This summer, a 28 year-old man was driving along Owasco Street in Auburn, New York when, for no apparent reason, he drove off the road and smashed into a tree. When the police arrived on the scene and interviewed him, they learned what had caused the crash. Was he talking on his cell phone? Nope. Texting? Guess again. Answer: He was playing “Pokemon Go”. Completely immersed in the game, he forgot he was driving a car and crashed into the tree.
For those of you who don’t know about Pokémon Go, it is a HUGELY popular game among Millennials played in “virtual reality” on a smart phone. The game allows its users to travel around looking for “Pokémons” (the name in Japanese means “pocket monsters”), capture them, and then use them to conquer Pokémon “Gyms” (arenas). Players hatch Pokémon “eggs” by walking while playing. Players need to go near “Pokéstops”, which are landmarks where they can pick up things to advance in the game.
The car accident made national news and was a wake up call to local police regarding the dangers of the new “hit” game (pun intended). In the wake of the crash, Auburn police offered the following advice to Pokemon Go players:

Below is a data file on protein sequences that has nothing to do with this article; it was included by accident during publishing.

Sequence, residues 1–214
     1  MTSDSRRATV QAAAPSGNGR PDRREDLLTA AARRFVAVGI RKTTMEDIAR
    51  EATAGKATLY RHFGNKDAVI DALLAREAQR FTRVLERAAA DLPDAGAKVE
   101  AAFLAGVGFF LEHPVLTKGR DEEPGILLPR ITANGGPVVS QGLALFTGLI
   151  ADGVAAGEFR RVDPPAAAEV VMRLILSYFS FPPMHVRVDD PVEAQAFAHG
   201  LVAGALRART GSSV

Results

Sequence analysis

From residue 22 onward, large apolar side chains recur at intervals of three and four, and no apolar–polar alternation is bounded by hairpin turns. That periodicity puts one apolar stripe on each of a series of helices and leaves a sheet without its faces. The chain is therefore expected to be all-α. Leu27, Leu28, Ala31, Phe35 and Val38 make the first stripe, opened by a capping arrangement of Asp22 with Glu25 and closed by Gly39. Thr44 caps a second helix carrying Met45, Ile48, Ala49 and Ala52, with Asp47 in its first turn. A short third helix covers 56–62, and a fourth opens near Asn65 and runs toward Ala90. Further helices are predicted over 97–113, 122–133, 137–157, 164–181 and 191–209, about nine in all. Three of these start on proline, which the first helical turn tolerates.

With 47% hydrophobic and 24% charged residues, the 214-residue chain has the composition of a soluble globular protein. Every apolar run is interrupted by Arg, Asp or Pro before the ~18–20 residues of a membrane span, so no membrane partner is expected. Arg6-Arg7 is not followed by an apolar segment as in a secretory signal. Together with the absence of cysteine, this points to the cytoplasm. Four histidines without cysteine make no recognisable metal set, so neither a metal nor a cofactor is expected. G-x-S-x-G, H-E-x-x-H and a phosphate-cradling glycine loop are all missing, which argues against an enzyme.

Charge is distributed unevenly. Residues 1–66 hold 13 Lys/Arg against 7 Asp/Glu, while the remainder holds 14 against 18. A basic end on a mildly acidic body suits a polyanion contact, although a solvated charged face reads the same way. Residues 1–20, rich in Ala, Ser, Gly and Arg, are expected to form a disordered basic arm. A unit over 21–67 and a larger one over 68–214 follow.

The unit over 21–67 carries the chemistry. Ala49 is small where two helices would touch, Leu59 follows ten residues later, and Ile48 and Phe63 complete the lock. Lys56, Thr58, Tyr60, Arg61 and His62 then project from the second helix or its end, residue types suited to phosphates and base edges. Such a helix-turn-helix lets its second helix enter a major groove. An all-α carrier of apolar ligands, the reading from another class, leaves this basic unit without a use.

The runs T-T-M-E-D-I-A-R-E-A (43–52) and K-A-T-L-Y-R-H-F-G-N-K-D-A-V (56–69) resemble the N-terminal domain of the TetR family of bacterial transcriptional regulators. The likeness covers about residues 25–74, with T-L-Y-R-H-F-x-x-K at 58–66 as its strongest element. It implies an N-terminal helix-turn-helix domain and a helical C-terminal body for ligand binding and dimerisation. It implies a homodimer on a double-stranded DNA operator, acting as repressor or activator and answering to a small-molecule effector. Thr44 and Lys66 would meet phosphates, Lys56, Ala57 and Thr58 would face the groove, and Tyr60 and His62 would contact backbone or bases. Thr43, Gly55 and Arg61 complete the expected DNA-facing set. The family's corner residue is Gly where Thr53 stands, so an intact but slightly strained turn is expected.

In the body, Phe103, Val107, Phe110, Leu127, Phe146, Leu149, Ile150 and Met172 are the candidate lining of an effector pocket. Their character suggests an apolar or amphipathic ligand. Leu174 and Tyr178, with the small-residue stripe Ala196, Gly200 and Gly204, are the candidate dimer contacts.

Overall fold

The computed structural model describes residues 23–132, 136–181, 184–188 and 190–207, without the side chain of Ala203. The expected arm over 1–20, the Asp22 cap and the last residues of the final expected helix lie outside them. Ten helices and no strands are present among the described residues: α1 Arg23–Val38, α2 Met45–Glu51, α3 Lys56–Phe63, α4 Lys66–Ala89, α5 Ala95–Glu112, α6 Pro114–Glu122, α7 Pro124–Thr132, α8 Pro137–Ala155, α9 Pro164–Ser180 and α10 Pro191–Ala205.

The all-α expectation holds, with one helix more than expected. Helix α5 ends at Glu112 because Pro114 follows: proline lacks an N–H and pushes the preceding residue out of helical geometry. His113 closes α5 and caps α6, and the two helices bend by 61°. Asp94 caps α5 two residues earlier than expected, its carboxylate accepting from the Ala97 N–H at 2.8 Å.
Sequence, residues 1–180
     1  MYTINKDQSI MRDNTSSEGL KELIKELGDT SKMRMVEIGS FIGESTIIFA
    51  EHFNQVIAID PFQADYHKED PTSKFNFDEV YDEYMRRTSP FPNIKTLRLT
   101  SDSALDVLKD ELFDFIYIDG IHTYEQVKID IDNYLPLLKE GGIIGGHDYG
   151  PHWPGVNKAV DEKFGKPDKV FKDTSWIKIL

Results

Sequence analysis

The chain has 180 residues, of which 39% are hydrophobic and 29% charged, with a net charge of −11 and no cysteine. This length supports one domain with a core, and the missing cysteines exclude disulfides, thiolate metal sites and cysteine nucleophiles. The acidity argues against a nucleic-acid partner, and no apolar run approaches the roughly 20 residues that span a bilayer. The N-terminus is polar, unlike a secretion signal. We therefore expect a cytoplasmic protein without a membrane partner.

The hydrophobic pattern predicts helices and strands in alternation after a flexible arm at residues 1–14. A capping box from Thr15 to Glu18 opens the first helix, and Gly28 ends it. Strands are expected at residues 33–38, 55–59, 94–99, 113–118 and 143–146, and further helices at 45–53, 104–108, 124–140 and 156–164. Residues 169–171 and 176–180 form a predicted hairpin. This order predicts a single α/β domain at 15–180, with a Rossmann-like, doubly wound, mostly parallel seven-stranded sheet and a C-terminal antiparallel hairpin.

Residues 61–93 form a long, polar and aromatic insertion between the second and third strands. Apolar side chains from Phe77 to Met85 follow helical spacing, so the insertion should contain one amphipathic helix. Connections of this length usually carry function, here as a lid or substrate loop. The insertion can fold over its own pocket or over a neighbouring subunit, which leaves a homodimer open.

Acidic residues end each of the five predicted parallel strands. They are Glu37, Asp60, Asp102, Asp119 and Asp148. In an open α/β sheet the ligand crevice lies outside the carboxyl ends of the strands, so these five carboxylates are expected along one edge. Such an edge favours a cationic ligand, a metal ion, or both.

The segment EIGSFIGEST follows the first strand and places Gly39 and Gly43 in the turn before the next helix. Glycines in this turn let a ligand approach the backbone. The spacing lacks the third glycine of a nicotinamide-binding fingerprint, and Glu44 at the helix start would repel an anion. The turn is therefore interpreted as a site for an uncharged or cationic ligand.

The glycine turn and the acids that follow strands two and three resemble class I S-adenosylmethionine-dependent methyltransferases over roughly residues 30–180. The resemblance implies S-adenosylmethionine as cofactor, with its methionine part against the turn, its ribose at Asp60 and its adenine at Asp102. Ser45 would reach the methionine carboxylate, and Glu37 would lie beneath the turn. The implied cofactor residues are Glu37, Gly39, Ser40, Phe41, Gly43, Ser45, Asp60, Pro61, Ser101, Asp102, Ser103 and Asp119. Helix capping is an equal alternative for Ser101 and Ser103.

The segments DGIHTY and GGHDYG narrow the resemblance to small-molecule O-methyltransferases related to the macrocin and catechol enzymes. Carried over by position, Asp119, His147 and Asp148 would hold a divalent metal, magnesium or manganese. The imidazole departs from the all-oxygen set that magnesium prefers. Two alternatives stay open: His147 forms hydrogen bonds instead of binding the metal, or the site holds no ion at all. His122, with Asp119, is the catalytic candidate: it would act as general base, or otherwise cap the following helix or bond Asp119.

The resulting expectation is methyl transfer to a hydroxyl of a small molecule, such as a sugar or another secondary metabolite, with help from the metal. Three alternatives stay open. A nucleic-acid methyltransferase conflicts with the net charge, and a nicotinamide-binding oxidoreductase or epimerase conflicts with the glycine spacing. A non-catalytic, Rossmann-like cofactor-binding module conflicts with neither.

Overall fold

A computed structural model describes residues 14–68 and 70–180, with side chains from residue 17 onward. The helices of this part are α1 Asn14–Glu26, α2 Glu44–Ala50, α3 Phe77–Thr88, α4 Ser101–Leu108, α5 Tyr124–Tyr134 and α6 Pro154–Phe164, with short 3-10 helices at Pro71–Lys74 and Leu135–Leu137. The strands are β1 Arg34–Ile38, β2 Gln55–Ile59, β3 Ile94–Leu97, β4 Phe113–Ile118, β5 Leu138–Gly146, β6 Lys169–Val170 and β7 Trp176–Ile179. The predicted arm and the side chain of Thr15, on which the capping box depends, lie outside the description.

- Don’t play the game while driving a car or bicycle.
- Don’t trespass on private property just to “catch” a Pokemon.
- Avoid staring down at your phone and be aware of hazards like roadways, drop-offs and waterways
- Be cautious of who you share your location with.
- Don’t travel alone.
Our response? Duh! This is common sense.
More interesting is the potential liability exposure of the makers of Pokemon Go. They must know that their users are going to be generally young and somewhat immature. And the game is designed to require that the user walk while playing, immersed in a “virtual reality”. This could obviously lead them to inadvertently walk into dangers such as moving vehicles, holes, defects in sidewalks, etc. In Pennsylvania one player did in fact get run over by a car while crossing the street. In California, a couple of players actually walked off a 90-foot ocean bluff!
The game could also lead users into dangerous neighborhoods. In Florida recently two teenagers looking for Pokémon creatures were almost shot when the landowner mistook them for robbers. It doesn’t help that young people get so immersed in the game that they lose their common sense.
Holding the Pokemon Go makers liable for any of this will not be easy. The Pokemon Go makers are not stupid. They obviously consulted with a team of lawyers to try to limit their liability. The game does give users warnings about staying aware of their surroundings, not to walk distracted, and never to drive while playing, etc. But will this be enough to ward off all liability? It will be interesting to see how the law develops in this new area. We’ll keep you posted. Meanwhile . . .
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Syracuse NY Personal Injury Lawyers
Michaels & Smolak, P.C.